Historically, the summer months are where FX volatility goes to die, with many people going on holiday during the middle of the year. As Finance Magnates reported, many trading providers and exchanges experience lower trading volumes, especially in June and July, during the summer lull. But with coronavirus not looking to disappear any time soon, could we avoid a similar downtrend this year?

“It is difficult to forecast what the summer brings, especially as we have no clue which way the coronavirus epidemic goes. Basically, we have no idea what tomorrow is going to bring. I would assume that due to the virus, both summer and the whole of 2020 might be interesting from a trading perspective,” offered Kaczmarzyk.

Market panic likely to continue

Pissouros added that he believes that market panic may continue for a few more months, which could offset the summer lull, due to there being no signs that the virus could be contained soon and no vaccine on the horizon.

“There is heightened uncertainty on how serious the economic wounds could get, and, in my view, it would be premature to assume that everything is already priced in,” he continued. “That said, I do expect volatility to be lower than now. Even with travel bans and domestic-level restrictions, some investors and traders may still opt for summer holidays, even if that means staying at home. So, net-net, volatility may be higher than last year, but not as high as it is now.”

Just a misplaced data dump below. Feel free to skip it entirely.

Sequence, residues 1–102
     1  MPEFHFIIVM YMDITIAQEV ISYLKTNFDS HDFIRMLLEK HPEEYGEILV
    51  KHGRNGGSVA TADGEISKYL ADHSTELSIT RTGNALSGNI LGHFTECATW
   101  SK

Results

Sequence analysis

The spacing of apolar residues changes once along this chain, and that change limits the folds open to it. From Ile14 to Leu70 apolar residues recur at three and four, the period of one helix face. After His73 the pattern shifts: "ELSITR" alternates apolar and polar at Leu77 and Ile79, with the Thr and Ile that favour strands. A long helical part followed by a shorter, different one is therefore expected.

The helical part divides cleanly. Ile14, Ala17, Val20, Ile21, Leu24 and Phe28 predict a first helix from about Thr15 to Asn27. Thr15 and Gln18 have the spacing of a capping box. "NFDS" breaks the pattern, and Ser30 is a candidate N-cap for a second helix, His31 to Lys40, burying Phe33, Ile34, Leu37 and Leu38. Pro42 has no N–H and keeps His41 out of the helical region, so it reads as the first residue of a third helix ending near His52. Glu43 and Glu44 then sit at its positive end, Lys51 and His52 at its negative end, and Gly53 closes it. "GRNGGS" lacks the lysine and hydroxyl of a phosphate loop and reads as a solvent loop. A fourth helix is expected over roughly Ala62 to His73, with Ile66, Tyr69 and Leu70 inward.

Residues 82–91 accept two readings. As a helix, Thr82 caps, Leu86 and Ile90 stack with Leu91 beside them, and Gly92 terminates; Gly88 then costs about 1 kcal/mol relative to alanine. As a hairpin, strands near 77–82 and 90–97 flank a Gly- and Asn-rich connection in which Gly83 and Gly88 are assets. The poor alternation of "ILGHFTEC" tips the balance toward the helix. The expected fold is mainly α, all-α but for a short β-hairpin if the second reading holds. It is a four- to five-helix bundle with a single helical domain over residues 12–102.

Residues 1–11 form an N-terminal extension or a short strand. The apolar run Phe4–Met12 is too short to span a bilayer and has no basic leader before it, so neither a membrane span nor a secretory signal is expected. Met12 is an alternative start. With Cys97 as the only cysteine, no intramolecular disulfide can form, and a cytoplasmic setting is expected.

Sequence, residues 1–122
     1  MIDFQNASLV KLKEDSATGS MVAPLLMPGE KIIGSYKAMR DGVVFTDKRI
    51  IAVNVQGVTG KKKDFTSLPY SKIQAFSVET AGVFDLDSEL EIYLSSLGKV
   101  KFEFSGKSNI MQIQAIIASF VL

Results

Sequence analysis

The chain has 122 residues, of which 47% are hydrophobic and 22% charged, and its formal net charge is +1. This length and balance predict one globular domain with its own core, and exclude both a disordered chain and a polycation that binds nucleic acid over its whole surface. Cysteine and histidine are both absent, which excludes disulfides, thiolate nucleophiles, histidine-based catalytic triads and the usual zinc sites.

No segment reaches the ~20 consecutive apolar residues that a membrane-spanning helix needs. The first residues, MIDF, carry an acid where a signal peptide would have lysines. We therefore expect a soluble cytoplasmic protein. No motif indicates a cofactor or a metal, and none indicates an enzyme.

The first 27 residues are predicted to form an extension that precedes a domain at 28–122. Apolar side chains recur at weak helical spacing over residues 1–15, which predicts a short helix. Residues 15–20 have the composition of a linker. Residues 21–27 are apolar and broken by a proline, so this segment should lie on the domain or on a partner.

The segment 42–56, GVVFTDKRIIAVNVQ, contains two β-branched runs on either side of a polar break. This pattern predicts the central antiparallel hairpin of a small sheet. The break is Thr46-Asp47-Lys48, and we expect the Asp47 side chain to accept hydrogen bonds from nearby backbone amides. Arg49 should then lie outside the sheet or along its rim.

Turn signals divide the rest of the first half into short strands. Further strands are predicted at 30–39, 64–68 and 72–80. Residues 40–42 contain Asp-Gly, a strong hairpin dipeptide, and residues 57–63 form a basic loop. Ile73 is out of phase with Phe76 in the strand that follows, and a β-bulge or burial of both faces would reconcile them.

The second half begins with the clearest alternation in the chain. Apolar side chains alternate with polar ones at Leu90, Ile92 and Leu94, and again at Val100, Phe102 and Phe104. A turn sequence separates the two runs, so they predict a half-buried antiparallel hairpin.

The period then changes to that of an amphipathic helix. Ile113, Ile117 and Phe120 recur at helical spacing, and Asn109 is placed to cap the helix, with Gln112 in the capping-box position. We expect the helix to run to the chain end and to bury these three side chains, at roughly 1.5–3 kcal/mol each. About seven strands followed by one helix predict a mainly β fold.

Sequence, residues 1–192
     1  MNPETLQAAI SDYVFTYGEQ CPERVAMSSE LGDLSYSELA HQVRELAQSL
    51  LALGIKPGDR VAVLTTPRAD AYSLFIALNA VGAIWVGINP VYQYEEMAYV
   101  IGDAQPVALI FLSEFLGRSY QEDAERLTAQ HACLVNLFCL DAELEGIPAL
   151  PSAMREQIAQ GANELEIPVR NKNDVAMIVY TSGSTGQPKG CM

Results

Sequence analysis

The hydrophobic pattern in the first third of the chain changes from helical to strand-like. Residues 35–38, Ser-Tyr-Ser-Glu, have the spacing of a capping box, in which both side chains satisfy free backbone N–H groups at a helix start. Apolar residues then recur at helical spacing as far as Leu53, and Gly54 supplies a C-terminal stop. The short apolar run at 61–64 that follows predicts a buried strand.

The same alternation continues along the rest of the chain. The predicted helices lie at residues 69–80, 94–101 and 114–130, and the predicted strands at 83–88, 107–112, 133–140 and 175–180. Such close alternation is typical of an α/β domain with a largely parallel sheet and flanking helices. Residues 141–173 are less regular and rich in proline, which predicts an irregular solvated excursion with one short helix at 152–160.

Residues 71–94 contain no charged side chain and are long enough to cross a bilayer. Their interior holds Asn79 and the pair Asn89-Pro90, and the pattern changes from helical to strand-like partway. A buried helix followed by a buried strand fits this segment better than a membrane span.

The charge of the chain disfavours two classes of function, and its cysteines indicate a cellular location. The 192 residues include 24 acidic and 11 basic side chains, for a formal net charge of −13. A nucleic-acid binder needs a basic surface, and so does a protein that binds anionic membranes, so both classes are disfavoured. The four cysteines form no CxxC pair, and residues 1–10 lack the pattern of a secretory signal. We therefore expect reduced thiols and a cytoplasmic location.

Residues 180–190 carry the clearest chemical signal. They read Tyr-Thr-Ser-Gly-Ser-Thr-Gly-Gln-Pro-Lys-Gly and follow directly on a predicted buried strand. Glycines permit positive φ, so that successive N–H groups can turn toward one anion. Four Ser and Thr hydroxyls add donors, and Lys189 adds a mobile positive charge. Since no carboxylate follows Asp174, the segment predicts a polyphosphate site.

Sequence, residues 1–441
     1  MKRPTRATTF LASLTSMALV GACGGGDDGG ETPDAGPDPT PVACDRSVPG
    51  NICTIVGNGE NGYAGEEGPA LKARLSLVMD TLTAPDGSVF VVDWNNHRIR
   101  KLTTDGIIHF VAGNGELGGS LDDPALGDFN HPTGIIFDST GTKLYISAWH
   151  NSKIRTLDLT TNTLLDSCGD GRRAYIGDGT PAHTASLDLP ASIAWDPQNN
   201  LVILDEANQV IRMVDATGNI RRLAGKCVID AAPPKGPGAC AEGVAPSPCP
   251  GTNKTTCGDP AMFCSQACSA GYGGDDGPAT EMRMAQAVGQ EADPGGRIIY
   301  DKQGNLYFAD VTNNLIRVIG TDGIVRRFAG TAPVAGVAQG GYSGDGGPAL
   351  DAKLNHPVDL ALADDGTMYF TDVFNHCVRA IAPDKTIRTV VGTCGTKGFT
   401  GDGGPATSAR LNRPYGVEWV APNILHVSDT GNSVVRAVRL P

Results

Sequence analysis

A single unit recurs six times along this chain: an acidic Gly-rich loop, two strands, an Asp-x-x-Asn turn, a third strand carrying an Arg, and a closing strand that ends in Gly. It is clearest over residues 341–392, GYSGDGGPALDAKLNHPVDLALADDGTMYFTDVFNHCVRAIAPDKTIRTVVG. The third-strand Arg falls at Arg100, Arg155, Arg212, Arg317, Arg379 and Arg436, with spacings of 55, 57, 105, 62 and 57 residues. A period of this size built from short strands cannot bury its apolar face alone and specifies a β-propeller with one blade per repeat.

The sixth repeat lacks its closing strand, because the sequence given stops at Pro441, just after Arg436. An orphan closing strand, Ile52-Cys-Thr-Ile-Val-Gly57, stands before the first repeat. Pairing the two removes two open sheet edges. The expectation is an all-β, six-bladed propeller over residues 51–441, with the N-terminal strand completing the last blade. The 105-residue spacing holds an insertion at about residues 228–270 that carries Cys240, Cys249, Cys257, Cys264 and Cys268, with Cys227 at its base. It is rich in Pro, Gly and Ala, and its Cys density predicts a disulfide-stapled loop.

Wei Qiang Zhang from ATFX, however, believes the answer to this question is a solid yes.

“The answer is yes,” he said. “The market conditions we’re currently witnessing are not normal; fund managers are going to want to take advantage of this high in volatility.

“We rarely see such a mix of major events unfolding at the same time; the number of opportunities will increase for Forex and stock traders. Therefore, I don’t expect to see the traditional summer slump. Plus, it’s an election year in the US, volatility will likely persist up to November even if other major triggers are resolved.”

Volatility might be more foe than friend

Looking to the long-term, what type of events will likely keep the FX markets active? According to Denis Golomedov, CMO at RoboForex, coronavirus will keep traders on edge for quite some time.

Denis Golomedov of RoboForex
Denis Golomedov, the CMO at RoboForex

“…the markets were affected by the coronavirus, and we must admit that the story is not over: it will require at least six months for the countries to take it under control. Six months later, the influence of the virus on the economy will also become obvious, and it will not be pleasing,” Golomedov outlined. 

“So, market circumstances cannot be called comfortable at all. If global economies, indeed, reflect the decrease in the GDP and other key macroeconomic parameters (which is really probable), the indices and assets will slump into a long downtrend. The volatility here will be more of a foe than a friend.”

2020 is going to be a busy year

When speaking on what we can expect for this year, Pissouros summed it up by saying that 2020 is going to be a busy year with coronavirus, Brexit, the Olympics, the United States elections, and more all likely to cause waves in the currency markets.

“We are dealing with the virus situation right now; nobody knows how and how soon it is going to be dealt with,” he highlighted. “Of course, once we’ve handled the epidemic, there will for sure be the aftermath, which will probably bring more volatility. Last but of course not least, we have the US election in November, and we all remember how the markets reacted the last time.”